Thats what i thougth, and iw read around alot on this forum, found some "tricks" to figure it out, but i dident get any of em to work...

    Can u give me a nice example on how to remove that NULL so i can get the whole string?

    Thnx for the help btw Nice to see some replys

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    Can u give me a nice example on how to remove that NULL so i can get the whole string?
    Well before you try that, just check how many bytes you are receiving. Print out the return value from your recv() call.

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    when i do:
    Code:
    cout << recv(sock, recvbuff, sizeof(recvbuff), 0);
    i get result: 62

    Then if i do:
    Code:
    cout << recvbuff << endl;
    and it only prints a ":" (without quotes).

    This works on a ftp server..same command but i cahnge the port from 3306 to 21. Same code, and i get this in recvbuff:
    220 Serv-U FTP Server v6.1 for WinSock ready...

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    Ok, now write those 62 bytes to a file so we can see what you are actually getting:
    Code:
    FILE *f = fopen("myfile","wb");
    fwrite(recvbuff,1,nBytes,f);
    fclose(f);
    Now open up that file with a text editor, and see if it's readable. You can also open it up with a hex editor. If every other bytes is 0x00, then we can safely assume that the received buffer is unicode, and I will show you how to convert it. If it is random non-ASCII bytes, then it sounds like you are receiving a binary data stream.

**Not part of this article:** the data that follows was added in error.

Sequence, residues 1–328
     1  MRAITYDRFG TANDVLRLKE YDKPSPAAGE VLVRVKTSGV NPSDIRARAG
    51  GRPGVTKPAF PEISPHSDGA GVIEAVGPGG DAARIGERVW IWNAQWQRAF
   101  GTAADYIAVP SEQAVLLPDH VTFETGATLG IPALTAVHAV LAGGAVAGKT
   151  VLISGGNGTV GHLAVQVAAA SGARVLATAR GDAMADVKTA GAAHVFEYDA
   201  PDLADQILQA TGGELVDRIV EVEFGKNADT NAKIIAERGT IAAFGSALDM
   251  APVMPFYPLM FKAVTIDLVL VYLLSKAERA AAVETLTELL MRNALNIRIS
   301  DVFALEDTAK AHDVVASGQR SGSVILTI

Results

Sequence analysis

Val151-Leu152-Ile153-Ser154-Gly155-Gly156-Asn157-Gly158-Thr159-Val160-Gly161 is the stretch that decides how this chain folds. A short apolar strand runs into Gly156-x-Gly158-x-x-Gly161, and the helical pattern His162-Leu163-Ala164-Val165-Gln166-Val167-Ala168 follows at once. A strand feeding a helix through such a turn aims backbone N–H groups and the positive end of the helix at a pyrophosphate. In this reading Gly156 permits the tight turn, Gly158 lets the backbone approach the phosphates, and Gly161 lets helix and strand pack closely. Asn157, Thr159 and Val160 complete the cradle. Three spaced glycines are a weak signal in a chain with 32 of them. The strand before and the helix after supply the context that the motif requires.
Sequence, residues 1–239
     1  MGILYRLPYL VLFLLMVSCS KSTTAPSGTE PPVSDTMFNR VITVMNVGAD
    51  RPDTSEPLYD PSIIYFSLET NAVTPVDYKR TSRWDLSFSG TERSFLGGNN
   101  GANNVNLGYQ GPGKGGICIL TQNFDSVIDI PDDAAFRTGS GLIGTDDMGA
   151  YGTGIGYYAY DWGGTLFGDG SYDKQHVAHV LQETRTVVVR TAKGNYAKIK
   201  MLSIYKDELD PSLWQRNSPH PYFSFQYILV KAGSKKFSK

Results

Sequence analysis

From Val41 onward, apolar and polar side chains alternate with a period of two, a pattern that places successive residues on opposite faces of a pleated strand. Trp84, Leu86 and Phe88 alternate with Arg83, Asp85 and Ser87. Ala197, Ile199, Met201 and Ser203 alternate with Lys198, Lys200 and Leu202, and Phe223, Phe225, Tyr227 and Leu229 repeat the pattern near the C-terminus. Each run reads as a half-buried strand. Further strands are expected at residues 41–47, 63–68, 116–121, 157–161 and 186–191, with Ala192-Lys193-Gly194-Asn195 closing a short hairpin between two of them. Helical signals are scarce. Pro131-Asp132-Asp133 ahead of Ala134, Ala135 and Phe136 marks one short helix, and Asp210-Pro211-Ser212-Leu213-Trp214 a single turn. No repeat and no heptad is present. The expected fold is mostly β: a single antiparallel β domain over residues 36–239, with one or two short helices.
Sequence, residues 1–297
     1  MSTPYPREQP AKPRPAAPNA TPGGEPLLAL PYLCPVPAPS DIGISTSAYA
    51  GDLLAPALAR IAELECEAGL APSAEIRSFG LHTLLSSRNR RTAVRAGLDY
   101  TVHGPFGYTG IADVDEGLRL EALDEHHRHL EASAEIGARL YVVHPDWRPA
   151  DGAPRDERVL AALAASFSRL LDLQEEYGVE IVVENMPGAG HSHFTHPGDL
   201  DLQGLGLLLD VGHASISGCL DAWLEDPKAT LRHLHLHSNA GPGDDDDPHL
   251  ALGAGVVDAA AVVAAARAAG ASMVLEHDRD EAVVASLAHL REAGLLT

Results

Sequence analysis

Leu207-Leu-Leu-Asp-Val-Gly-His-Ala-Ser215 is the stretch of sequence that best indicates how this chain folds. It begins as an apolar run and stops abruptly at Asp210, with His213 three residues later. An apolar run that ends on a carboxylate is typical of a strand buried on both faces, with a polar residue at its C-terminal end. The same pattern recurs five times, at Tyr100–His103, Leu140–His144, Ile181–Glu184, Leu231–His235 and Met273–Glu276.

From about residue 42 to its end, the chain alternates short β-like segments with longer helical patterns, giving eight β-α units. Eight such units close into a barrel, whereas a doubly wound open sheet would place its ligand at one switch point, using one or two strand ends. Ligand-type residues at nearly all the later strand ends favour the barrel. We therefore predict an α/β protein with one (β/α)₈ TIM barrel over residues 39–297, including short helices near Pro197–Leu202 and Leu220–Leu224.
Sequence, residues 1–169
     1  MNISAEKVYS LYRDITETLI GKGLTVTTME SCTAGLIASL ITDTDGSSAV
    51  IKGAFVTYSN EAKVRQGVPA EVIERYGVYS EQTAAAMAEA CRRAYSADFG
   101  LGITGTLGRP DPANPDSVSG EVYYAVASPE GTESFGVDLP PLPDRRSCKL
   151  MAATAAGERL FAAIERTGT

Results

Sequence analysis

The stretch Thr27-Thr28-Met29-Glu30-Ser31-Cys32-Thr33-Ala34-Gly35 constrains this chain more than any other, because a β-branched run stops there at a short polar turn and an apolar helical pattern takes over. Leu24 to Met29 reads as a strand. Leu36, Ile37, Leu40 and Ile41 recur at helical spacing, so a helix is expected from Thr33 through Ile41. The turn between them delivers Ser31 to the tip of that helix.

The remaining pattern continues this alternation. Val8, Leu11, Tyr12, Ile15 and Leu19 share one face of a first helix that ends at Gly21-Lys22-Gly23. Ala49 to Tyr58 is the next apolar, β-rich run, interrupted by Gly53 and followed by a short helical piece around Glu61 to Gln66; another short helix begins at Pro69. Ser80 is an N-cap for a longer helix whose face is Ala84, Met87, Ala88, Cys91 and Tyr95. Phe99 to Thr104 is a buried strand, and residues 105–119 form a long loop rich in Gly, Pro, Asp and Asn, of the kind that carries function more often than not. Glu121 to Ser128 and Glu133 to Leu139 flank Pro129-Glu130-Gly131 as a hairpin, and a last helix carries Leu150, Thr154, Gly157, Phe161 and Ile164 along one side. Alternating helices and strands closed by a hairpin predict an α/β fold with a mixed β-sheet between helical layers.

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    This i get in a text editor:
    + 3.23.38-nt ' \Vvs]X!8 , 

    And this in a hex editor:
    2B 00 00 00 0A 33 E 32 33 2E 33 38 2D 6E 74 00
    and more...

    So..If i get this correct:

    1. It first send a +(hex:2B).
    2. Then 3 NULLS.
    3. Then the verison number i need.
    4. And then send some crap i dont realy need.

    So how do i remove the three NULLS so i can cout the version number?

    Im at work now so cant play around and figure that out myself atm.

    Thnx for the help. Iw learned alot from you
    Last edited by Tuborgrules; 01-19-2006 at 03:48 AM.

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    I had some free time at work and i figured out i could use:
    Code:
    strcpy(recvbuff,&recvbuff[5]);

    If there is any better way post please

    Thnx for your time and help bithub! i realy appreciate it
    Last edited by Tuborgrules; 01-19-2006 at 04:33 AM.

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    Well, I suggest you do something like this:

    Code:
    char *p;
    n = recv(...);
    recvbuff[n] = 0;
    for(i = 0; i < n; i++)
    {
        if(p[i] == 0)
          p[i] = ' ';
    }
    printf("%s\n",recvbuff);
    This will turn all those zeros into spaces, but will still leave a null terminator at the end of the string. This will allow your application to handle different types of input.